The measure of happiness

Published 7:00 am Tuesday, August 12, 2014

Well, we missed the Golden Anniversary of a major icon in the history of the world. We slipped into the fifty-first year, with nary a twitch, or even a nod, towards a face and a phrase which have impacted us all.

In 1963, graphic artist and ad man Harvey Ball was retained to design an art piece to improve the sagging morale at an insurance company. In just ten minutes, his design was complete and he collected his $45 fee. 

Not seeing the benefit of copyrighting such an insignificant effort, it was available for anyone’s use. What he designed was the ubiquitous “Happy Face; “ that bright yellow, round, smiling, face found on millions of buttons, t-shirts, bumper stickers, mugs, and refrigerator magnets, along with a smorgasbord of other items, which world-wide entrepreneurs proffered to an eager public.

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The Happy Face, or Smiley Face, was later coupled with the expression, “Have a Good Day,” evolving into a major part of the counter-symbolism of the Vietnam War. The over use of the much -needed message, generated myriad parodies, including re-design and alteration. It became social anathema to wish a person, “Have a good day,” as the overuse denigrated the impact of the words. Even so, most of us continue to say this to others, or use some iteration of it: “Have a great day,” “Have a fine day,” or “Be cool today.” It is a rare person who does not hear this warm wish at the bank, restaurant or store. Parents often use it when they send their children off to school. Husbands and wives regularly express it in their parting.

 Lest we think we have evolved into another social dimension and have, somehow, risen above the legacy of our prior years, we may be brought up short by understanding the “Emoticons.” For the uninitiated, these are not some form space alien or foreign disease, but a way of expressing one’s mood at the sending of an email, or text message. In earlier days, it was left to the creativity of the typist to conjure up the rudimentary graphics. (:>), became the new “Happy Face,” (;>) added a wink, (:<( became a frown.  Of course, there are many others, each projecting an emotion. There are many which can be used, with some now made available by software applications and email providers. These too are becoming something of an anathema, in their overuse.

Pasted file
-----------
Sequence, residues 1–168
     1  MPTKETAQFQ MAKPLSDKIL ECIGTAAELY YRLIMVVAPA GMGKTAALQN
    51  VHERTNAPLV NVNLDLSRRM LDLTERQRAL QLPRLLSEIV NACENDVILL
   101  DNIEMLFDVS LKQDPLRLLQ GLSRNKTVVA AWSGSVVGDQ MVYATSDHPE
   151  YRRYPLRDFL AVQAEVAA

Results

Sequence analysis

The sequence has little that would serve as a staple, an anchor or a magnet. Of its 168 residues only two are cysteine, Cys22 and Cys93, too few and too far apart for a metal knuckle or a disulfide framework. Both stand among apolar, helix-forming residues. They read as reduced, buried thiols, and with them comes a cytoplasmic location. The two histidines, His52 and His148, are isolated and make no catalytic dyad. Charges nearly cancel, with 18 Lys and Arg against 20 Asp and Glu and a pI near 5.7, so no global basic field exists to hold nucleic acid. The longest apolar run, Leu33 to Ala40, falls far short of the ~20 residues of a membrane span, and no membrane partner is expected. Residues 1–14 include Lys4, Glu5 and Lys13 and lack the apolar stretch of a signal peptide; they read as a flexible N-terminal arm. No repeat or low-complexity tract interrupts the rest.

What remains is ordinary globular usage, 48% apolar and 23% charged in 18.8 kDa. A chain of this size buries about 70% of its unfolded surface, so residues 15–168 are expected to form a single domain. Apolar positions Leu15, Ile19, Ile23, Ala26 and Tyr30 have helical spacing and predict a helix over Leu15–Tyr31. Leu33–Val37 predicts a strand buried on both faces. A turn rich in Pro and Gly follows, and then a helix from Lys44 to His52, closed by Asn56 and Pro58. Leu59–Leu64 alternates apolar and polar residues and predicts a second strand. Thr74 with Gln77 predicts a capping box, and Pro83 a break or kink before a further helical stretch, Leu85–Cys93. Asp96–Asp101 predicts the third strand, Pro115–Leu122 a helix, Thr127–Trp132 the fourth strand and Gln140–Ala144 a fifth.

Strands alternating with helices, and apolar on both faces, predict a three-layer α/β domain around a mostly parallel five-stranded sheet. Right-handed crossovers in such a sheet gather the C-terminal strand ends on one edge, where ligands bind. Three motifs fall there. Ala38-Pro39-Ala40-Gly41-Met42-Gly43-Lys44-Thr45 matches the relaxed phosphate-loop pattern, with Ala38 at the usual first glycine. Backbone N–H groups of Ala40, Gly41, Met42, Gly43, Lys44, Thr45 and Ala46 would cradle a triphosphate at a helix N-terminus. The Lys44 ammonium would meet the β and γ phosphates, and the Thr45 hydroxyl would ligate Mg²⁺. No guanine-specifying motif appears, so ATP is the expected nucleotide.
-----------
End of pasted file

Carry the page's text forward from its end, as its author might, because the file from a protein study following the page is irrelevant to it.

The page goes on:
Yet, it seems to be an innate part of our humanity, as a counter-point to our insistence on un-happiness, to wish ourselves, and each other, well. 

Happiness is that fleeting commodity, much as the veil of mist on an early morning. 

We have it for only the briefest of moments and soon retire to the onslaught of the negativity around and within ourselves. 

Each of us, of course, has a different definition of what happiness is. To a child, it may be the comfort of love from the family around them, or a lick from a puppy. To the adult, it may be measured in a bank balance, a relationship, possessions, or career. It is clear, from the essential emotions of our natures; we seek a certain balance, a certain centering, to remain “happy.”

What makes us unhappy, is being knocked out of balance, out of the center of our state of happy pleasure. Naturists will profess we need only look to ourselves for our happiness; our joy in life is found only with guidance from within themselves. 

Yet, the super naturalist acknowledges the presence of the Divine within themselves, to guide them to the essentials of true happiness. It is a pivotal choice in our pursuit of having a good day. 

Have a blessed day. 

By: Fr. Jonathan Filkins